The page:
A federal judge in Alabama has temporarily blocked part of a law making it a criminal offense to prescribe puberty blockers and hormone therapy to transgender minors.
Judge Liles Burke, a district court judge appointed by Donald Trump in 2017, found no evidence to support Alabama lawmakers’ claims that they were banning “experimental” procedures. “[T]The uncontested evidence is that at least twenty-two major medical associations in the United States approve the transition of established, evidence-based drugs and treatments for gender dysphoria in children, ”Burke wrote.
The decision to issue a preliminary injunction suggests that Burke will permanently block limits on Alabama doctors when he issues a final ruling on the case. The judge left other parts of the Alabama law, including a section requiring school officials to tell parents if a student claims to be transgender. He also supported a section banning gender-affirming surgeries for minors that doctors have claimed in court are not performed in Alabama.
In his injunction, Burke framed state law as an unwarranted violation of parental rights. “The injunction of the law upholds and reaffirms the ‘enduring American tradition’ that parents, not federal states or courts, play the primary role in nurturing and caring for their children,” she wrote.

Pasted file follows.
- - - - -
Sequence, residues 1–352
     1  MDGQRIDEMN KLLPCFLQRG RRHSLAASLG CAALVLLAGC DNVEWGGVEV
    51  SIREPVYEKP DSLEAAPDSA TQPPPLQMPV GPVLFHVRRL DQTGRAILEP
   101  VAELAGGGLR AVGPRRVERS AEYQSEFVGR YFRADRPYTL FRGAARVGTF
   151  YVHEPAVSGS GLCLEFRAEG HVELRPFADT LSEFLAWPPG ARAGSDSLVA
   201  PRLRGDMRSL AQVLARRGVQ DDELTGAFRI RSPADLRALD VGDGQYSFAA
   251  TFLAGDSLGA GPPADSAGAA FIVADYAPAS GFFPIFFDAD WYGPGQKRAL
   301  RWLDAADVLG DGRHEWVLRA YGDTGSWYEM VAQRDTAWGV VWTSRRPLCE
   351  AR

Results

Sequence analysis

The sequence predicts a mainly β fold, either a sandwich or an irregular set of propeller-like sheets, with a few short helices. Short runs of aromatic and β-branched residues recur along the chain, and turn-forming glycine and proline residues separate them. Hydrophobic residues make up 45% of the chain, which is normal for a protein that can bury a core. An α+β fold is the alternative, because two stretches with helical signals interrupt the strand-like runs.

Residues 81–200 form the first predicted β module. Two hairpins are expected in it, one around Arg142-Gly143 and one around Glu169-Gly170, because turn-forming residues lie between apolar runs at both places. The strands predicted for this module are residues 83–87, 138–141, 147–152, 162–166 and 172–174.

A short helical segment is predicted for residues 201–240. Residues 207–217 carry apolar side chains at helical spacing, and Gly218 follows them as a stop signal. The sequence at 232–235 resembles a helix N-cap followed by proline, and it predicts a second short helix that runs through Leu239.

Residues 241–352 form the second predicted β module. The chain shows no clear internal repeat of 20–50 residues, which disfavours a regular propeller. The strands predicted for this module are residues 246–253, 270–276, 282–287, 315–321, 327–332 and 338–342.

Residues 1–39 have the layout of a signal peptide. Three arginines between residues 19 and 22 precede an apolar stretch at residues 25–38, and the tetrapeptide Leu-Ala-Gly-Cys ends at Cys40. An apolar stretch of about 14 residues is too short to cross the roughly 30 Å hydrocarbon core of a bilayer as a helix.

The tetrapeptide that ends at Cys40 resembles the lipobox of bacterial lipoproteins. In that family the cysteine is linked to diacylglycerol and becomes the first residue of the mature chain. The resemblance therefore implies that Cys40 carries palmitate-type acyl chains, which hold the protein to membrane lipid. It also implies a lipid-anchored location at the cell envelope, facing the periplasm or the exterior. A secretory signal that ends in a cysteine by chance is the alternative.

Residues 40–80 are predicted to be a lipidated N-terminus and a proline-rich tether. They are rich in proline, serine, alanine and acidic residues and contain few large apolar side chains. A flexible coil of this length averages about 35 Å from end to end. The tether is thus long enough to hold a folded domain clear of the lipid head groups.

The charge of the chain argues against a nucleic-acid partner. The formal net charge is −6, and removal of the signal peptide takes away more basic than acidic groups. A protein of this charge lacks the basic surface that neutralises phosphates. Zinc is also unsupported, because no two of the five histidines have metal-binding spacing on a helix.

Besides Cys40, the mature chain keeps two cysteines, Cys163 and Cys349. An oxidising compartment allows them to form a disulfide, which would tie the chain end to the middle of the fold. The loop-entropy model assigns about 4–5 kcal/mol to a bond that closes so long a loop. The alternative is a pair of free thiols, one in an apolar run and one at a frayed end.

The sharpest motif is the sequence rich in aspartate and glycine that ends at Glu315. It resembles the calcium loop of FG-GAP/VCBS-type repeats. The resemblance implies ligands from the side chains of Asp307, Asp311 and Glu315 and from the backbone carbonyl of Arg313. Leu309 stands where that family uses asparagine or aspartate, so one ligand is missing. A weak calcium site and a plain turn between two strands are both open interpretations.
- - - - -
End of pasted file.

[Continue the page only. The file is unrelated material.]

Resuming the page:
Alabama law sought to impose up to 10 years in prison for doctors who violate it. It was the first in the nation to impose criminal penalties on doctors who prescribe such drugs, the Associated Press reported. Like my colleague Noah Y Kim he wrote before it became law:
The bill comes amid a wave of anti-trans legislation that has swept conservative states from Arizona to Texas, sparking widespread alarm among medical experts and the transgender community… But even at a time of growing anti-trans sentiment, the Alabama bill stands out as extreme … doctors providing hormone treatment, puberty blockers, and gender reassignment surgery to minors would be threatened with a felony charge lasting up to a decade in prison.
Friday, the Texas Supreme Court ruled that state may continue to investigate families seeking gender-affirming care for their children. At the same time, the court decided in favor of one of the first families contacted by Texas Child Protection Service officials under the new policy.
One of the plaintiffs in the Alabama case, father of a 13-year-old transgender boy from Birmingham, served Burke’s ruling in a statements shared by the Human Rights Campaign. “Alabama is our home and we hope this cruel law won’t force us to abandon it,” said James Zoe, a pseudonym to protect him and his son’s safety and privacy. “We are fighting for our son and will continue to fight so that he and all transgender youth in Alabama can receive adequate medical care.”